“We started up Monday,” Moody said. “We’re just doing strength and conditioning this week though, and a little football just to get our legs under us again.”

On the other hand, Clifton found itself looking to replace three of their four non-district opponents. And Caniford left nothing to chance, wasting little time in making sure the Cubs would play a full 10-game schedule.

Originally scheduled to open the season hosting Bosqueville Aug. 28 before facing West, Maypearl and McGregor in non-district games, Clifton will now open the season on the road against Sanger at Aledo’s Bearcat Stadium, play the home opener against Academy Sept. 4, then visit Maypearl and host Tenaha before opening District 13-3A, DII competition at home against Riesel Sept. 25.

“It’s been a long tough couple of months,” Caniford said. “But we have to focus on the things that we can control, and right now, that’s our preparation. We still have a lot of work to do to make sure that we do everything we can to mitigate the risks for our kids, our staff and our community. But I’ve been really proud of how our team has worked through all the protocols to this point.

“August 3rd couldn’t get here fast enough. We are always excited for the start of practice, but this year, it’s going to have a little added juice to it”

Meridian football’s second-year head coach Wade Morton found the Yellowjackets in a similar situation, replacing their Week 4 home game against Moody with a trip to Hubbard before substituting Week 5’s trip to Axtell with a home clash against Italy.

“We’re excited to get to start Aug. 3rd, and it’s unfortunate that everyone else in the state can’t do the same,” Morton said. “We’ve been operating the entire time as if nothing would change, which is important due to so many other things needing to be.”

Despite the numerous changes leading into the 2020 Texas high school football season, Bosque County six-man teams remain excited about getting to play in an all-Bosque County league of their own, District 12-1A, DII, for the first time ever. Although the county rivals – Cranfills Gap, Iredell, Kopperl, Morgan and Walnut Springs – competed in the same district in 2002, the previous league also included outsiders Jonesboro and Oglesby.

“The kids and coaches were excited to hear the news that we will be starting on time,” said Cranfills Gap football head coach Adam Carroll as the Lions will be coming off their first district championship since 1982. “We’ve had pretty good numbers for summer workouts, and they had voiced how upset they would be with delayed or a cancelled football season.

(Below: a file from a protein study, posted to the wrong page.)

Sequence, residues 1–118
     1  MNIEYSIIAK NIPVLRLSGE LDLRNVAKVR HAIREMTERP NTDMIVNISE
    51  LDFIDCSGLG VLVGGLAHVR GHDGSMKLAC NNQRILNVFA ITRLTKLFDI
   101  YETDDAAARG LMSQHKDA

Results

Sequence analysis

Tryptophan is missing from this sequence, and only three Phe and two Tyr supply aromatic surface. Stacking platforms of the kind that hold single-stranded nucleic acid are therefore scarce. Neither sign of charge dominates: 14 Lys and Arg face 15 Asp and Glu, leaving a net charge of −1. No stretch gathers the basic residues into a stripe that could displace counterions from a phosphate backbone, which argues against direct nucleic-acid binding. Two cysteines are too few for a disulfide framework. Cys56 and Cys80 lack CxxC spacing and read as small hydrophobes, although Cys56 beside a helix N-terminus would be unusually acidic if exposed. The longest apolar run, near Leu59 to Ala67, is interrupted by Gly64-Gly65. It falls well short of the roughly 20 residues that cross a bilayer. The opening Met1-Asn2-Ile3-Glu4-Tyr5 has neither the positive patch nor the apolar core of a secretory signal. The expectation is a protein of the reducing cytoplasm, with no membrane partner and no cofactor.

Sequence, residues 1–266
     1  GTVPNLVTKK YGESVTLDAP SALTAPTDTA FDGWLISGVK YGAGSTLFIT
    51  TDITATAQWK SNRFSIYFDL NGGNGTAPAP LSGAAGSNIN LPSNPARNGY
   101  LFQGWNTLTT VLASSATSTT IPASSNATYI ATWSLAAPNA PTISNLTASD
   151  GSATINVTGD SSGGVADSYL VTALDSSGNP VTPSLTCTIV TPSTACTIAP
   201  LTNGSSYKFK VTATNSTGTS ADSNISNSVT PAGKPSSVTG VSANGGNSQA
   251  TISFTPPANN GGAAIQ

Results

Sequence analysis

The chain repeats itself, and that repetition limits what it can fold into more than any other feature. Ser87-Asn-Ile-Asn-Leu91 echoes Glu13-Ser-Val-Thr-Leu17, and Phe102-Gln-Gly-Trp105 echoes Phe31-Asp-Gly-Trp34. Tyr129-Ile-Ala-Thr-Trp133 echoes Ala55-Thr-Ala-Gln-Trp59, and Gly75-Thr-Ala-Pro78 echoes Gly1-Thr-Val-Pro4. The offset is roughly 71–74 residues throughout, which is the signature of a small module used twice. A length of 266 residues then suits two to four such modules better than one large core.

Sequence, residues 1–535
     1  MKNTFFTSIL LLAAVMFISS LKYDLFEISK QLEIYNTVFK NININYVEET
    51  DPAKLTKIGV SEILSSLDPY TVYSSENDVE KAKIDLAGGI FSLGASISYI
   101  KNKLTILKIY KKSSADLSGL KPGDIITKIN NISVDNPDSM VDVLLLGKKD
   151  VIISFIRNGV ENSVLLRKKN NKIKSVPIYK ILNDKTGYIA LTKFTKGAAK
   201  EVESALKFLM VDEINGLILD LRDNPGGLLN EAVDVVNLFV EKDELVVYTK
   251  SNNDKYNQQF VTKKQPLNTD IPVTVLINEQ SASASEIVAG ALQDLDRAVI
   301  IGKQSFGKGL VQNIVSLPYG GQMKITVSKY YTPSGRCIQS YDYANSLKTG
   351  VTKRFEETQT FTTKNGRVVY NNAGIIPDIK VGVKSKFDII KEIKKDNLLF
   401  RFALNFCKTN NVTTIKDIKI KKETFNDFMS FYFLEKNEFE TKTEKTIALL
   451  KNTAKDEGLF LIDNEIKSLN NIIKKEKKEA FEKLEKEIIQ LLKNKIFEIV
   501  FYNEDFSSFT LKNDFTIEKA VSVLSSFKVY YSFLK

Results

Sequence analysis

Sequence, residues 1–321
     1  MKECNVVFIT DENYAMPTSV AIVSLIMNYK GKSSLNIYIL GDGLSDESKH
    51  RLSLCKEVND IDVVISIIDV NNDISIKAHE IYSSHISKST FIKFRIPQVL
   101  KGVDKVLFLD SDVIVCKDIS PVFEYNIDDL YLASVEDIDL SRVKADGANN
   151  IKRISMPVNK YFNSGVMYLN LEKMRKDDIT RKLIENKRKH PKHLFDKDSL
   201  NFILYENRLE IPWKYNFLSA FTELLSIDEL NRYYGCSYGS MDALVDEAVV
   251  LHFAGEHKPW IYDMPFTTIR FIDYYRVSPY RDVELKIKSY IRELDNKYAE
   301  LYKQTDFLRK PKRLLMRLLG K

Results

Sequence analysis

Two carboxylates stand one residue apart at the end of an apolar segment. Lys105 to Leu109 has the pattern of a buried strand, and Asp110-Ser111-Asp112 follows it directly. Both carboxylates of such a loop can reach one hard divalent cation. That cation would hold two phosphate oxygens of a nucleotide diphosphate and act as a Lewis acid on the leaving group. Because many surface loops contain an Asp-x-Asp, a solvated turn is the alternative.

“Hopefully, things will go smoothly. And we will be as precautionary as we can, while allowing the kids to get back to play.”

After qualifying for the playoffs in 2019, the Morgan Eagles lost to Cranfills Gap in a bi-district playoff matchup. So, Morgan looks forward to battling the Lions for the district crown this season.

“Our students are excited to get back to working out and putting our efforts towards another successful year,” Morgan football head coach Edward Aviles. “I am grateful that UIL has allowed us to get back into beginning sports. It has been great to be around the kids and see the growth some of them have had since March.”

The last time all five Bosque County six-man schools played in the same district, Walnut Springs head coach Tim Trotter was the only one around to see it. But as the county’s longest tenured head coach dating back to 1994, Trotter decided to retire during the summer, bringing Flippen back to the sideline while also serving as the Walnut Springs High School principal.

“I’m proud that we are returning to some form of normalcy in these crazy and unprecedented times,” Flippen said. “ And we will make every attempt to protect our student athletes here at Walnut Springs and  provide them with the opportunity to participate in football. We will certainly be flexible, because I feel like changes may be made shortly after all of this begins. I hope that I’m wrong, but only time will tell.”

Photos by DAVID HARDING